Otis Redding’s first release was a song entitled “These Arms Of Mine” recorded in August 1962. The final song he recorded before his death was (“Sittin’ On) The Dock Of The Bay” in December 1967. In those five years he became the mainstay of Stax Records and a global star of Memphis Soul.
Redding was born in Dawson, Georgia, in 1941, moving to Macon at the age of two. He left school at fifteen to pursue a career in music and later joined a local group Johnny Jenkins and the Pinetoppers, as a singer. He also took on driving duties, which led to his first big opportunity. In August 1962 Johnny Jenkins was invited to Stax Records in Memphis for a recording session, accompanied by Redding, who did the driving. When Jenkins had finished his set, backed by Booker T & the MGs, Jim Stewart (Stax’s co-owner) asked Redding to sing two songs, “These Arms Of Mine” (with Jenkins playing guitar and Steve Cropper on piano) and “Hey Hey Baby”. “These Arms Of Mine” impressed Stewart enough for him to sign Redding and release the song in October on the company’s Volt label, with the second song “Hey Hey Baby” on the B side. The single went on to sell over 800,000 copies. Redding said that two of his biggest influences were Little Richard and Sam Cooke and there is a clear echo of their work in these songs.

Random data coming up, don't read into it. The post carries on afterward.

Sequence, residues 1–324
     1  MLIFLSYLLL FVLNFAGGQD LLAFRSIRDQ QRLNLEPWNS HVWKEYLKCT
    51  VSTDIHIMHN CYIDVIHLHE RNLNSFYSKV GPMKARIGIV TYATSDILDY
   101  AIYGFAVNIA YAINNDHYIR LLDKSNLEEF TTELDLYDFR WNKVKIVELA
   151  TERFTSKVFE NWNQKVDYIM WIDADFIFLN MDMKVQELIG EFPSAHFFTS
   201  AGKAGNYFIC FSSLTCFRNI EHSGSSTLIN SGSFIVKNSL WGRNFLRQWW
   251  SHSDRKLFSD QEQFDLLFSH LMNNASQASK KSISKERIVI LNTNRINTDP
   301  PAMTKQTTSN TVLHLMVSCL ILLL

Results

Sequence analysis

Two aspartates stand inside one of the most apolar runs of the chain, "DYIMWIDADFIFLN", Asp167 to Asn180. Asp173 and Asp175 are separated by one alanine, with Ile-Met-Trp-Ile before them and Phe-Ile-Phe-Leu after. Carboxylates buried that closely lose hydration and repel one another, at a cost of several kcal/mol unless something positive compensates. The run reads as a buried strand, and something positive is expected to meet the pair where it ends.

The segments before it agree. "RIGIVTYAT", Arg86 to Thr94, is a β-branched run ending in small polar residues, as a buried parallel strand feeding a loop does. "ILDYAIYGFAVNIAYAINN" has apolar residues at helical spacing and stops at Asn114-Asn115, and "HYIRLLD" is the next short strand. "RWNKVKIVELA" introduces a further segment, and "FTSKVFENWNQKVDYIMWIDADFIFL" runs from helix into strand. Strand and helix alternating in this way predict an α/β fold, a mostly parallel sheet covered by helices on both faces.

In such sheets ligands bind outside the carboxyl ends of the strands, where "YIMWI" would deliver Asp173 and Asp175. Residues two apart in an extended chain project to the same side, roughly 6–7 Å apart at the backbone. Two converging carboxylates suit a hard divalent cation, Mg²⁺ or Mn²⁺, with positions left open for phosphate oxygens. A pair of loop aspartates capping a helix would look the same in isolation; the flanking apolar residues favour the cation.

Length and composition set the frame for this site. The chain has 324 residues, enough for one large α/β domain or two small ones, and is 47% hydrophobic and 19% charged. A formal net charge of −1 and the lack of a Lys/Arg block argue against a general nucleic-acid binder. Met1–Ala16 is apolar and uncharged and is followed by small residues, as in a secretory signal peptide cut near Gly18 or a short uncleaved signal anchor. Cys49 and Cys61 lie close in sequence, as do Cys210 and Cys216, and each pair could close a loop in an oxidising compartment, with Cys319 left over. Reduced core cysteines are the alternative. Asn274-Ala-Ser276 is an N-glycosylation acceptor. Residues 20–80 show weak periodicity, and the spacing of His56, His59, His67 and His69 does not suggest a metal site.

Otis had made the first breakthrough courtesy of his driving licence, but it was two years before Stax released his first album, “Pain In My Heart”, featuring a typical Otis Redding slow ballad called ..“Security”. A disc jockey (A. C. Moohah Williams) picked up on the sadness of the song and referred to Redding as Mr. Pitiful, which inspired a new song from Redding and Cropper. “Mr. Pitiful” duly appeared on Redding’s next album “The Great Otis Redding Sings Soul”, which was released in March 1965. This was a very productive year for Redding, as he also released his cover of the Sam Cooke song “A Change Is Gonna Come” and his third album “Otis Blue: Otis Redding Sings Soul”, with the classic tracks “Respect” and “I’ve Been Loving You Too Long”, co-written by Redding and Jerry Butler. Most of the tracks were laid down in a twenty-four hour period, July 9th and 10th.